Friday, 21 November 2014

URBAN FANTASY REVIEW: The Revolutions - Felix Gilman

Release Date: 18/09/14
Publisher:  Corsair


THE REVOLUTIONS is a fantasy of the occult scene in fin de siecle London, the celestial spheres, and mystical Martian exploration. It follows two young lovers separated by the schemes and blundering of rival occultists, from the drawing rooms of spiritualist societies, through shady enterprises in Deptford warehouses, and magical war on the Isle of Dogs, and out to a hallucinatory, doomed Mars drawn from the fantasies of Edgar Rice Burroughs, the imaginings of Aleister Crowley, and the speculations of Victorian astronomers. Praise for Felix Gilman: "[Gilman] takes the brutality of the wild west and twists it into an epic fantasy that left me staggered. It brings the sense of wonder back to fantasy by creating a complex and visceral world unlike anything I've read...stunning." Mary Robinette Kowal, author of Shades of Milk and Honey "Refreshingly unlike any other novel I've read. Felix Gilman writes like a modern-day Dickens drunk on rich invention and insane war." Stephen Donaldson, author of The Chronicles of Thomas Covenant "A fantasy that Mark Twain would have been proud to write...Never has fantasy been darker, cleverer, more sly, or more touching in its refraction of our own world. I scratch my head in awe." Francis Spufford, author of Red Plenty "Gilman is one of the essential modern fantasists, and his latest book lives up to the expectations generated by his previous successes." Benjamin Wald, SF Revu "Like The Half-Made World that came before it, The Rise of Ransom City brings us a re-imagined tale of America's Old West, mixing steampunk and magic realism to great effect." Kirkus Reviews "Felix Gilman has a sly wit and an assured hand. He is a fresh and original voice in fantasy." Lavie Tidhar, author of Osama "Vivid and accurate prose, a gripping, imaginative story, a terrifically inventive setting, a hard-bitten, indestructible hero, and an intelligent, fully adult heroine---we haven't had a science-fiction novel like this for a long time." Ursula K. Le Guin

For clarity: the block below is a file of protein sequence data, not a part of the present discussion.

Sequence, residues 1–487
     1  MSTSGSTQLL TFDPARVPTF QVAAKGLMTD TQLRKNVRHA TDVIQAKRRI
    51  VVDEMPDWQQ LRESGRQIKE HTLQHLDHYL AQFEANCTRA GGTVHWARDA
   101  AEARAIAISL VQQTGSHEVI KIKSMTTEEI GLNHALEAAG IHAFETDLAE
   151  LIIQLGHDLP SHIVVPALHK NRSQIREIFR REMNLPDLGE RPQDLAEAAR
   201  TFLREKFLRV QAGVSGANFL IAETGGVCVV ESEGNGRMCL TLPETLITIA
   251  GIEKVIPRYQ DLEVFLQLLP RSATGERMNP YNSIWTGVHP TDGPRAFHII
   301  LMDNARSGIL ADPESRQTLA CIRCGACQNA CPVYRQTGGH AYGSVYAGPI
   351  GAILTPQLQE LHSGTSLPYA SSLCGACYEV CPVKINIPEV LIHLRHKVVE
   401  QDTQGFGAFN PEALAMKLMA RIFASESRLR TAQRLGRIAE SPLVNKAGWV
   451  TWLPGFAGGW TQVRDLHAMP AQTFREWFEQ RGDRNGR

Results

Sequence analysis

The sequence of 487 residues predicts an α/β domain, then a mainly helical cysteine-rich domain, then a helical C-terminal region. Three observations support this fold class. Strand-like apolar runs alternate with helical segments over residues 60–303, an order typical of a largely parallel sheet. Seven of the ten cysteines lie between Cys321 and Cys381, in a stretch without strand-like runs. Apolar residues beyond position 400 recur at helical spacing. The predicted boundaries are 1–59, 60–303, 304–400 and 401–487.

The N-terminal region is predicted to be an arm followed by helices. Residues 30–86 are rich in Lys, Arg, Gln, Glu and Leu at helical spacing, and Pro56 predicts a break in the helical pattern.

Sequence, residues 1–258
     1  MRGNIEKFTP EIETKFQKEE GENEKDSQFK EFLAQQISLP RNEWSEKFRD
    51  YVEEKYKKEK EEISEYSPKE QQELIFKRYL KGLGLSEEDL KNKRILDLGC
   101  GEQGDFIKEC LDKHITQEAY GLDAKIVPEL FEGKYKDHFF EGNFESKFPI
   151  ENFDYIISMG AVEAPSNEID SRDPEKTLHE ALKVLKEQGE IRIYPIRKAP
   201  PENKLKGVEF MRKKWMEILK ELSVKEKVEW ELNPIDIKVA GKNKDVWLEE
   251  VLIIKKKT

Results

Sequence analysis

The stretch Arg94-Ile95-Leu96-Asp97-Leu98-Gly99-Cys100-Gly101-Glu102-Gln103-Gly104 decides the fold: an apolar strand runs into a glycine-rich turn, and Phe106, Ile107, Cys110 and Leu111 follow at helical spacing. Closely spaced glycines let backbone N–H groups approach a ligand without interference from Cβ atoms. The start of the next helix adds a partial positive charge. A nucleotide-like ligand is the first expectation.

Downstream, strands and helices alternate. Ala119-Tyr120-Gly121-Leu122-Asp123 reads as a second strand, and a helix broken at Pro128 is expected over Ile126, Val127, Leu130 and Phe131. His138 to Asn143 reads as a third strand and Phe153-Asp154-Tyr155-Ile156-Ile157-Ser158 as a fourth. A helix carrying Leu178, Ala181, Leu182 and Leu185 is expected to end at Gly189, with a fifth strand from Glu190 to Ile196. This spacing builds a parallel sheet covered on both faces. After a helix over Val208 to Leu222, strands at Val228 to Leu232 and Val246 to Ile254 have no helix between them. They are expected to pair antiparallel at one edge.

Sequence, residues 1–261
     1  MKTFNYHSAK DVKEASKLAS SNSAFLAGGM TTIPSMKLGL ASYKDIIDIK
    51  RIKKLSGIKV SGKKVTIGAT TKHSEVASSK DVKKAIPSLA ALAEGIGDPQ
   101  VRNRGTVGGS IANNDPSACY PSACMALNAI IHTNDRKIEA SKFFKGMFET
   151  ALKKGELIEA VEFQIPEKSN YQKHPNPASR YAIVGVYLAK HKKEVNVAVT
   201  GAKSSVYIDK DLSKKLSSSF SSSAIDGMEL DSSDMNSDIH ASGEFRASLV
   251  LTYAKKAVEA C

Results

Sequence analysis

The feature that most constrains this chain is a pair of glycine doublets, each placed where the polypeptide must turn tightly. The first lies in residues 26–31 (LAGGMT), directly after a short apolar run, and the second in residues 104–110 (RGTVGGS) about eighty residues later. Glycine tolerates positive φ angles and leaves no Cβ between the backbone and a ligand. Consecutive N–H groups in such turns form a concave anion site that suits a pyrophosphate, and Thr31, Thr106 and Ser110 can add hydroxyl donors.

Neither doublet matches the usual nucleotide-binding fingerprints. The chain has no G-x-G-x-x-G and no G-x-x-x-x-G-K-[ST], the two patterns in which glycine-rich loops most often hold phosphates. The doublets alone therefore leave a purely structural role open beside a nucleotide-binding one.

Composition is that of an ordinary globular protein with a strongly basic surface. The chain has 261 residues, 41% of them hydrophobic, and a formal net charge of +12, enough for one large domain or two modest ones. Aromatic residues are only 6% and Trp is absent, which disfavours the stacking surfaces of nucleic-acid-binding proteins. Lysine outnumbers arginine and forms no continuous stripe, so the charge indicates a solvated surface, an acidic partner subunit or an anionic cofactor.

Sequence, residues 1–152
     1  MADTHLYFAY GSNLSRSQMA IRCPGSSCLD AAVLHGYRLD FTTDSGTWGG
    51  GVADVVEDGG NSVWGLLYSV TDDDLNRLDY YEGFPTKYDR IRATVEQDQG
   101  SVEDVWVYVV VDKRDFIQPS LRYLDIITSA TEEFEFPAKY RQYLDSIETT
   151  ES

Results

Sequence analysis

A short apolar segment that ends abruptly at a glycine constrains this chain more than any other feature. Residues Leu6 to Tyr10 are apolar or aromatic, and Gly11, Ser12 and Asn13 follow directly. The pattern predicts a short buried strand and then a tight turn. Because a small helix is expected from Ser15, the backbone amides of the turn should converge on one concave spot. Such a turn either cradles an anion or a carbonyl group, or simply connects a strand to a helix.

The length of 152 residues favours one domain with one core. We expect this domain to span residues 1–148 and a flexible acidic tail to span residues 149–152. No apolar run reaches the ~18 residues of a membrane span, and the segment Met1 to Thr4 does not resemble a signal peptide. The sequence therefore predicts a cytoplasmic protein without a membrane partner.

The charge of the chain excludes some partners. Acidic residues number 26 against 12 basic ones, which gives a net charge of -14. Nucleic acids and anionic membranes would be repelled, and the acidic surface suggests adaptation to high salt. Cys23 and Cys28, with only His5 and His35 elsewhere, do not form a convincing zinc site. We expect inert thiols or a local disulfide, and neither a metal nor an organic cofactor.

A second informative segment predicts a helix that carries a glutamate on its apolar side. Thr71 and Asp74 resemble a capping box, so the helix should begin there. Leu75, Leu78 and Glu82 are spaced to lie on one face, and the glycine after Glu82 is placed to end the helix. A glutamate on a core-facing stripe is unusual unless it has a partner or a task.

I’m a huge reader and for me the blurb really sold the title, I loved the sound of Victoriana Martian invasions and when you throw a love aspect into the tale, it’s a book that really should have been a magical experience from start to finish. However that said, the book was sadly disappointing. Why?

Well it started out well enough, the prose was decent, the characters were reasonable and the pace worked wonderfully well, however a good way through, the book fell apart as the tale took a turn from the incredulous to the completely unbelievable which all round ruined the experience. Whether the evolution was due to helping expand the page count, I’m not sure but personally speaking the way that it changed really felt like it would have been way better had it ended sooner becoming more of a novella rather than the farce it felt like by the tales conclusion. All round, sadly a great disappointment for me.

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